Brandon Ireland is a charming fishing village (complete with a fishing pier) overlooking Brandon Bay. For outstanding views, drive or walk on out to Brandon Point (Srón Bhroin), a Discovery Point on the Wild Atlantic Way. From here, you can see one of Ireland’s longest stretches of beach which goes from Cloghane out to the Maharees. While in Brandon, duck into Murphy’s Bar for a pint and be sure to tell Pádraig we said “Hello”! Pop into the studio of local artist Michael Flaherty. He has some wonderful paintings of the surrounding area.
Also in the town of Brandon is the local community center, Halla le Chéile. A Meals on Wheels program provided by the center ensures that elderly residents within the community are taken care of. In addition, each Tuesday the center picks up local residents via bus, brings them to the center, and hosts a community meal. Small towns and villages are what makes up the wonderful Dingle Peninsula and a great sense of community can be felt throughout the peninsula.
Festival in Cloghane and Brandon
Another example of this togetherness is demonstrated during Feile Lughnasa. Cloghane and Brandon invite locals and visitors alike to participate in this 4-day summer (July) festival to experience the old Irish tradition of celebrating the Lughnasa, a Celtic harvest festival dating back 2,000 years. Festival activities include music, children’s activities, a poker tournament, paddle boarding, swimming races, sand castle building competitions, hill walks, and stage dramas.
Feile Lughnasa is also a great time to experience local traditions, such as sheep shearing, the blessing of the boats at Brandon Pier, and a pilgrimage to the summit of Mount Brandon. Hopefully visiting Ireland isn’t just about seeing the sites for you. Be sure to make time to experience local culture and traditions, for these are the memories that will stick with you long after you return home.
Camp Ireland, located 12 miles west of Tralee, is considered to be the gateway to the Dingle Peninsula. Though blink and you might miss it, there’s a lot of history and personality packed into this tiny town! An unfortunate tragedy is what the town of Camp may be best known for. In 1893, a train derailed off the Curraduff Bridge in Camp killing 3 and injuring 13. A stone monument, erected in 1993 (100 years after the crash), can be found near the remains of the bridge.
Pubs in Camp
Despite this tragedy, the town of Camp embraces its historical railroad past, made evident by the Railway Tavern, established in 1888 and located across the street from the crash site. Step inside and it’s like taking a step back in time. A clock in the pub is forever set to the exact time the crash happened on May 22, 1893. Memorabilia from days gone by adorn the pub’s ancient walls. Owner Michael O’Neill has endless stories to tell including the tale (or should we say “tail”) of Bobby, the singing dog! Stop by on a Sunday evening to enjoy a traditional session with local musicians. It’ll be an experience you won’t soon forget! Here’s a sneak peek of what you might find…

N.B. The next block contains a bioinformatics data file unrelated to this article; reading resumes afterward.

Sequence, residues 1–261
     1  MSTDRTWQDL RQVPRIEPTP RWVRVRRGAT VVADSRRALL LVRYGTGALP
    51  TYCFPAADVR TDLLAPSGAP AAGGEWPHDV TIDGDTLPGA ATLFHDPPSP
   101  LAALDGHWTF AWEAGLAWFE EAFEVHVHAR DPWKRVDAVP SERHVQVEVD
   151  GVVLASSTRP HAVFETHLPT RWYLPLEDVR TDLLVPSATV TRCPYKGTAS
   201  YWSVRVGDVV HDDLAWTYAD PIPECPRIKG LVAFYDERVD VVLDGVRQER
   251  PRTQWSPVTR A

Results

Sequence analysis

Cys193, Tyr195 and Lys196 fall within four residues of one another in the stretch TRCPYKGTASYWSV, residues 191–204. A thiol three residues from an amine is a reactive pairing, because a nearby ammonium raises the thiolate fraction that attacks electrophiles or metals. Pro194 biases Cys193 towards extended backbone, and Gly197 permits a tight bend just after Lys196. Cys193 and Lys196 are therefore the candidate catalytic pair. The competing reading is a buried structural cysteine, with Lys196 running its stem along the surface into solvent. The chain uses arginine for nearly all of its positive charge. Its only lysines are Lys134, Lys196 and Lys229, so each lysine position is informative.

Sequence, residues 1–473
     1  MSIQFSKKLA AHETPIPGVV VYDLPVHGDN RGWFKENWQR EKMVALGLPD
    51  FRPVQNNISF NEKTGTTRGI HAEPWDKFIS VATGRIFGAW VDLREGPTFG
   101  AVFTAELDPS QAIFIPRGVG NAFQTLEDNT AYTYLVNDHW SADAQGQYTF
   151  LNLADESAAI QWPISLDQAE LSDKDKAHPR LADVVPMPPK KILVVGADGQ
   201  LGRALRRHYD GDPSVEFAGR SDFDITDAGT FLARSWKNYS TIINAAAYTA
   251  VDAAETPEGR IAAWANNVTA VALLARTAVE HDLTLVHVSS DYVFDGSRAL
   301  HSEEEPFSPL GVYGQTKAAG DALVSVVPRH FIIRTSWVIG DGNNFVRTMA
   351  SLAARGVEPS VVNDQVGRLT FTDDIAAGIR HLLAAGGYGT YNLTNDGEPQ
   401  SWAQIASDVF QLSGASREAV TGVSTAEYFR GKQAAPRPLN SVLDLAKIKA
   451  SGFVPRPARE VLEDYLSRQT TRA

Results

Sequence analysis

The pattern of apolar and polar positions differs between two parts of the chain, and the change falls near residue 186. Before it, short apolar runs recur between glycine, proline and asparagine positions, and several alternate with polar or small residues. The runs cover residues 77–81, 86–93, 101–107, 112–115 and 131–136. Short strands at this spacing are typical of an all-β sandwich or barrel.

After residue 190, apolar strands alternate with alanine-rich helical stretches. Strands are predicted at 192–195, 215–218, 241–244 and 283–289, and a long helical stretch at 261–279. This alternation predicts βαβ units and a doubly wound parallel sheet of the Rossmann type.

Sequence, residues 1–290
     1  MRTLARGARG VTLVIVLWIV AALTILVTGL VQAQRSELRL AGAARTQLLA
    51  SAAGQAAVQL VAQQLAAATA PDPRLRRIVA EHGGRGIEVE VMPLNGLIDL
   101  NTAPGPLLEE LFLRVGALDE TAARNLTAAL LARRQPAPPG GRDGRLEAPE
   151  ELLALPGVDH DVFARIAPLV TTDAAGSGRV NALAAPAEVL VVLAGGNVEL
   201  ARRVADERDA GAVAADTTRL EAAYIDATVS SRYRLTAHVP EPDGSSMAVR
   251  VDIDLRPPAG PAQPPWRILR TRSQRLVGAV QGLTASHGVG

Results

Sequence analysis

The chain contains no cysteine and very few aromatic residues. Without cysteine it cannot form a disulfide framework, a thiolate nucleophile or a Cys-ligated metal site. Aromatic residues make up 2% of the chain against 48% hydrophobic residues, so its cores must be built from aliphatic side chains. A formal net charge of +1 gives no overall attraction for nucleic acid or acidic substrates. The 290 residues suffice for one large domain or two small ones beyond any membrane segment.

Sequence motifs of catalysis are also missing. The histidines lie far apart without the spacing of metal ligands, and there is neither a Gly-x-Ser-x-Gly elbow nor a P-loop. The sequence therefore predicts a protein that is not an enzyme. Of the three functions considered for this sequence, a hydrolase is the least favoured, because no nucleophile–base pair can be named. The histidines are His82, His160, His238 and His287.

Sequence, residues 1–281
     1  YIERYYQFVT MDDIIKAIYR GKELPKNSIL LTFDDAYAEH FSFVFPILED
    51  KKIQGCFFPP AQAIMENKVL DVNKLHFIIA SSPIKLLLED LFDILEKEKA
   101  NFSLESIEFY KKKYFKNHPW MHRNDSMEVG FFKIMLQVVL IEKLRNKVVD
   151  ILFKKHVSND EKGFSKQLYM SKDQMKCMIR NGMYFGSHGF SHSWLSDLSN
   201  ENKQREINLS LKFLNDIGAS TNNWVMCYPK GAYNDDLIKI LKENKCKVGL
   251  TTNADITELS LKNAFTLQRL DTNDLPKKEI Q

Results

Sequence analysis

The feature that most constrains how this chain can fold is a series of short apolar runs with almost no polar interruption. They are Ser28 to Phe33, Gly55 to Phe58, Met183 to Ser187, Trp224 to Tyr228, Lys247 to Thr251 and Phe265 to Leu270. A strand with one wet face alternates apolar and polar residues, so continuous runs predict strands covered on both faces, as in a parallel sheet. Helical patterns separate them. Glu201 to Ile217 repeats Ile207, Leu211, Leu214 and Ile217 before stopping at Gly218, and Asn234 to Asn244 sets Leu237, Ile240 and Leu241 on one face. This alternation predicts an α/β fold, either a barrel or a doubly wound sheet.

Just down the road from the Railway Tavern is Fitzgerald’s Junction Bar and Restaurant. The train used to stop right across the street from this 4th generation bar. This is a wonderful place to stop for a hearty meal or to simply grab a pint. The outdoor seating area overlooking Tralee Bay is the perfect place to relax on a crisp and sunny day! The third pub in Camp, Ashe’s Pub, is located just about a mile from the other two. It too is a great place to enjoy some upscale pub grub and a pint in a cozy and welcoming setting. This 4th generation pub has been around for over 180 years and is now run by Thomas Ashe, another friendly local with a myriad of stories to tell.
Camp’s One-Stop Shop
The village of Camp is also home to MACE, a small, but complete super center with convenience store (including deli), car garage for auto repair, hairdresser/beauty salon, laundromat, gym, health center (w/ doctor), car wash, and business center. It looks so unassuming from the outside, but it truly is a one-stop shop! Since Camp is the first stop on the multi-day Dingle Way hike, hikers are able to take full-advantage of the wonderful services, pubs, restaurants, and accommodations found in this little hub on the Dingle Peninsula’s north shore. Time your visit to Camp right and you’ll be able to partake in one of its many events throughout the year, like the Camp Sheep Fair in September (a long standing tradition), in addition to vintage car rallies like the Reindeer Run, held after Christmas each year.
Hiking on the North Shore of Dingle Peninsula
The Dingle Way
Sure, driving is a great way to experience the Dingle Peninsula, but if you’re feeling extra adventurous and want to experience the peninsula with all of your senses, take a hike! Hundreds of miles of trails wind throughout the peninsula, ranging from casual coastal strolls to strenuous mountain ascents. The peninsula’s most popular hike is the 111-mile (179 km) Dingle Way. This circular route starts and ends in Tralee and covers a good portion of the north side of the peninsula. Walkers can, of course, do portions of the Dingle Way without completing the entire route.
For Cloghane and Brandon walks (ranging from easy to strenuous), pick up a guide book at Halla Le Chéile (Brandon community center) or in Siopa Phobal (Cloghane local shop).
Strenuous Hikes – Mount Brandon & Beyond